This passage had not been part of the original manuscript he had submitted, and he had had to write it in haste when he had been asked to cut the second half of the manuscript in order to get it published. Under deadline, he had to find the words to conclude his now truncated autobiography, and those words were succinct and beautiful:

I was flinging myself into the unknown, I was taking a part of myself to plant in alien soil…to see if it could grow differently…. If it could drink of new and cool rains, bend in strange winds, respond to the warmth of other suns and perhaps to bloom.

I came across this passage fairly late in the writing process. Until I saw that footnote, I had neither an epigraph nor a title. That passage gave me both.

Kim: When during the research/writing process did you decide to focus on Ida Mae Brandon Gladney, George Swanson Starling, and Joseph Pershing Foster? Why did you pick them?

Isabel: I spent about a year and a half interviewing more than 1,200 people across the country who had been part of the Great Migration. I went to senior centers, pensioners’ unions, quilting clubs, AARP meetings, Catholic churches in Los Angeles where everyone was from Louisiana, Baptist churches in New York where everyone was from South Carolina and the different southern state clubs in northern and western cities, like the Lake Charles, Louisiana, Club in Los Angeles and the Greenwood, Mississippi, Club in Chicago.

It was like an audition in a way for the people who would become the three main protagonists. I was looking for three people to stand in for the six million who participated in the migration. I needed a person to represent each of the three migration streams and who left in a different decade, for different reasons under different circumstances, headed for different receiving stations and experiencing different outcomes. Which is why I took so much time interviewing so many people to find these three.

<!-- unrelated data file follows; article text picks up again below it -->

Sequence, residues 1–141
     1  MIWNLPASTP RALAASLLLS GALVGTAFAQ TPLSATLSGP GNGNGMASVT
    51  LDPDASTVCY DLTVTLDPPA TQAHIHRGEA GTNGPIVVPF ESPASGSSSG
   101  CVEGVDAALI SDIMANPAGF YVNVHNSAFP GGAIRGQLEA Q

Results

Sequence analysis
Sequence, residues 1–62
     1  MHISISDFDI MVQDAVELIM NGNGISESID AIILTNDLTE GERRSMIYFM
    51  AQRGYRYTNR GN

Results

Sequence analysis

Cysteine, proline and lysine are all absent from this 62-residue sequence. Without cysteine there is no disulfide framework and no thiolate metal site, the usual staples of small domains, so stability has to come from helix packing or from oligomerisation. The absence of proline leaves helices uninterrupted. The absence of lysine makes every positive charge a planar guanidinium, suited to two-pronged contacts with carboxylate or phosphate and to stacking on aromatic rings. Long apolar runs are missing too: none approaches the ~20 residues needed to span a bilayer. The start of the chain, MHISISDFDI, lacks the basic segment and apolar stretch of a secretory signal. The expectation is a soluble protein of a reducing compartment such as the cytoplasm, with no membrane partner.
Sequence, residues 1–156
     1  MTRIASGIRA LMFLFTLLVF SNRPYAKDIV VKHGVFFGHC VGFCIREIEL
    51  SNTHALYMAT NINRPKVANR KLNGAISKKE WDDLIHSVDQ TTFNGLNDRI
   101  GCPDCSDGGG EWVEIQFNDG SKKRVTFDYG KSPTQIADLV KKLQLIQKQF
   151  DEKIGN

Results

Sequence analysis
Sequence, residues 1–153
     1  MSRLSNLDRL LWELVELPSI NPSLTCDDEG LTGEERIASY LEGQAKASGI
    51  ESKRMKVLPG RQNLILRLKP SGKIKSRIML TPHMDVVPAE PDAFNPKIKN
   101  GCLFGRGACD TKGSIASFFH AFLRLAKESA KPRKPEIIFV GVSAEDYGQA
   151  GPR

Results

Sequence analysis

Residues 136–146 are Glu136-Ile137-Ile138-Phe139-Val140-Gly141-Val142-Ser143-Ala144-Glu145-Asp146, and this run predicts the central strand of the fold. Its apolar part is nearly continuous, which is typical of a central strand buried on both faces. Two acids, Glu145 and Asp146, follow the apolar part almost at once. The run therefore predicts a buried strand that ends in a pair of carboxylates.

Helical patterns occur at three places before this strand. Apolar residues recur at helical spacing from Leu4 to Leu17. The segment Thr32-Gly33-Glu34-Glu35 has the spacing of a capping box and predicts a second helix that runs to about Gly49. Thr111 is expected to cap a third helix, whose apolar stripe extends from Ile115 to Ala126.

This was a generation that was often loathe to talk about the past — it was too painful. Many had not told their own children and grandchildren what they had been through. But I needed people who would be willing to share their experiences and be as candid about their failures and missteps as their triumphs.

I narrowed the 1,200 to 30 people, any one of whom could have been main protagonists and some of whom make cameo appearances in the book. I chose these three because together they tell a full story of the migration across geography, decades, class, motivation and outcome.

They were characters unto themselves who were ordinary people in extraordinary circumstances, and each could have been a book on his or her own.

Over time, I developed an abiding connection with them and them to me, which made the work all the more fulfilling. I’ve talked quite a bit over the last few months about how I chose them, but a Catholic priest in Illinois, who is a fan and close reader of the book, recently told me that he believes that they, in fact, chose me. They didn’t have to share their heartaches and life stories, and hadn’t even told their own children things they shared for this book. But they chose to do so when I appeared in their lives. And their decision was a gift to anyone who reads the book.

Kim: What was your favorite moment from the process of writing the book?

Isabel: I decided to do this book in two phases. The first was finding and interviewing the people who had lived this and who were all getting up in age; I was in a race against time to hear as many stories as I could before it was too late. The second phase required combing the archives for newspaper stories, old journal articles, long out-of-print books, obscure government reports, railroad maps from the 1930’s and other material that would put their experiences in context and provide as much detail as possible to make this time in American history come alive for the reader.